2014: The Attack on Bulgaria's Corpbank Leaves Everyone a LoserOpinions | December 25, 2014, Thursday // 13:33| views
Angry depositors quequing at KTB's headquarters in Sofia to vent their anger at a flawed deposits reimbursement procedure. Photo by BGNES
Novinite's team is publishing brief daily comments about how 2014 unfolded in Bulgaria and elsewhere.
In June, an unprecented attack was plotted and played out against two Bulgarian banks, Corporate Commercial Bank (Corpbank, KTB) and Victoria Commercial Bank. Nobody had expected a similar scenario. Within just a few days' time, depositors withdrew over a BGN 1 B from KTB, allegedly “the bank of power” the fourth-largest in Bulgaria. As a result the bank announced it was finding it impossible to pay and sought protection from the Bulgarian National Bank (BNB), which for its part place it under special supervision.
It is a fact that someone deliberately stirred panic and sent people to line up in front of paydesks. Just a week later there was a similar attack against First Investment Bank which did not unfold the same way. Placing KTB under special supervision was surprising and was followed by bombastic “findings” about more than BGN 200 M having been taken out in cash, and in sacks, by the bank's majority shareholder Tsvetan Vasilev in person. This was subquently refused even by those who tried to make it up.
The case is however crystal clear: the fact that no attempt was even made at saving the bank and the statements coming from the central bank BNB in the time while KTB was under special supervision are an evidence there had been strong political pressure and the event had been a cheap frame-up. Only a month before the attack, however, the BNB had allowed KTB to acquire another bank (and a smaller one), Credit Agricole Bulgaria. The act of giving the thumbs up on the deal suggests there had been a thorough analysis of KTB's finance which in May 2014 must have been in an excellent shape, while a month later their state required “special supervision” and revoking of its license. This makes it more than clear that the attack on the bank was an act of mob law with majority shareholder Tsvetan Vasilev who is still outside Bulgaria at the moment due to his safety concerns.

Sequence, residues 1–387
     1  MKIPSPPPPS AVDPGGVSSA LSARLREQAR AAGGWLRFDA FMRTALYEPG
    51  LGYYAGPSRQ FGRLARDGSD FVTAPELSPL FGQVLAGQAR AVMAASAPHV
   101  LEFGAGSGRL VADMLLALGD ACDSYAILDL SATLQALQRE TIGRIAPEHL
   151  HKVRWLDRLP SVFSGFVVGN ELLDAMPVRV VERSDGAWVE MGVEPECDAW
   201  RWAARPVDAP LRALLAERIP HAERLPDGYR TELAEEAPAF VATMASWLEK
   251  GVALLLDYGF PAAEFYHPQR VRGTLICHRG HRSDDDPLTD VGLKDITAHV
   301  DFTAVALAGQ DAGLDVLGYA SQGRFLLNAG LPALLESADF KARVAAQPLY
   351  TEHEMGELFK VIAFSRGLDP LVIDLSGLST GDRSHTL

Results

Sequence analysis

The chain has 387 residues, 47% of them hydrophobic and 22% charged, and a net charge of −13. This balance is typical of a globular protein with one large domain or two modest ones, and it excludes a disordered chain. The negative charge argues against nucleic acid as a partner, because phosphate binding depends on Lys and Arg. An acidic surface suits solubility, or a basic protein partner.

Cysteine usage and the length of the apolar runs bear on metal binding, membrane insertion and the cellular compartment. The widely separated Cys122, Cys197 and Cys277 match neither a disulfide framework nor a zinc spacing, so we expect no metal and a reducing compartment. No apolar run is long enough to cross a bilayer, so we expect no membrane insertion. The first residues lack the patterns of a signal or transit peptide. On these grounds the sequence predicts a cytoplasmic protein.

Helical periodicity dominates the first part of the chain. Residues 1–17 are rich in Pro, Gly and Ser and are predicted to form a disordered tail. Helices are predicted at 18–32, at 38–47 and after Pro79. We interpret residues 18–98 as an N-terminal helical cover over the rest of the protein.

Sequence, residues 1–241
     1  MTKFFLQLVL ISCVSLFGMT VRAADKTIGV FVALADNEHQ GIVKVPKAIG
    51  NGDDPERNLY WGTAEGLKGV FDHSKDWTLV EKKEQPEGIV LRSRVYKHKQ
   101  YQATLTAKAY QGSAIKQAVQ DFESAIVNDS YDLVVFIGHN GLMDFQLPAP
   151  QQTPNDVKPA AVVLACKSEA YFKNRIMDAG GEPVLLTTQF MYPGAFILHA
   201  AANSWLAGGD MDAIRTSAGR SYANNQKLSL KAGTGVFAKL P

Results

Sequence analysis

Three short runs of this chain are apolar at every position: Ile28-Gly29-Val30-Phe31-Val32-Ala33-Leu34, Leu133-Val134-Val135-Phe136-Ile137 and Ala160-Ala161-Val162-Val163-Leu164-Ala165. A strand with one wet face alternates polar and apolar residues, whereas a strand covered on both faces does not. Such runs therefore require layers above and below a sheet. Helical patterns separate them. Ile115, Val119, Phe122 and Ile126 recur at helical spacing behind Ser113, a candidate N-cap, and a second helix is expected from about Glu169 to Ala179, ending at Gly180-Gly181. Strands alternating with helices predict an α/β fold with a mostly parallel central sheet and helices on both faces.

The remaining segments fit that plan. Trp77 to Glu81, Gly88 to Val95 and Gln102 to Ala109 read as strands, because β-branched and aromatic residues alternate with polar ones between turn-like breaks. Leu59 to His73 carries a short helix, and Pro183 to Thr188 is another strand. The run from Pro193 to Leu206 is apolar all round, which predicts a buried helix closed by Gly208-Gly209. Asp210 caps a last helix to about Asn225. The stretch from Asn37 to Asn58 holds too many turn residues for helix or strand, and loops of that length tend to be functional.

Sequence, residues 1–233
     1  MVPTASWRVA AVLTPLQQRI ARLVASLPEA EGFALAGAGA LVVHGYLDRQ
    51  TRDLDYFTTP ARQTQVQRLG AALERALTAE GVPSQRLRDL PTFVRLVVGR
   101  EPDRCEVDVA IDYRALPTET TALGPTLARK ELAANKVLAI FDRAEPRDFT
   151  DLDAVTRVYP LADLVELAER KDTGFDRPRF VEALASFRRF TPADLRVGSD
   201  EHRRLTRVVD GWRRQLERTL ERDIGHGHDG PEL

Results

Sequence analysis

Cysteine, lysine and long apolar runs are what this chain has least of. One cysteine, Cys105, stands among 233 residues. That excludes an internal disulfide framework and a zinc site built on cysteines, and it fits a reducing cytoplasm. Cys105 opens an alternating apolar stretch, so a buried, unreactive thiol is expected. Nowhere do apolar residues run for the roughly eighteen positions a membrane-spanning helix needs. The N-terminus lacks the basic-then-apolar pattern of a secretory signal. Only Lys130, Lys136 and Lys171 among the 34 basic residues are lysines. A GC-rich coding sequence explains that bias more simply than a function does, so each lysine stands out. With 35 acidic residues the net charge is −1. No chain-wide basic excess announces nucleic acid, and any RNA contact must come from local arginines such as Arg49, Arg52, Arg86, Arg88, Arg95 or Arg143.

Trials are now forthcoming which should clarify whether someone toppled KTB on purpose “to have their debts relieved” and “to acquire bank assets at lower prices” or the bank failed after having granted billions of BGN in unsecured loans to related companies and persons.
But whatever the outcome, even children in Bulgaria know that in 2014 a pogrom on a stable financial institution from which thousands of depositors came out as losers along with the state and especially its investment rating. These losses are to place a burden on everyone for decades.
We need your support so Novinite.com can keep delivering news and information about Bulgaria! Thank you!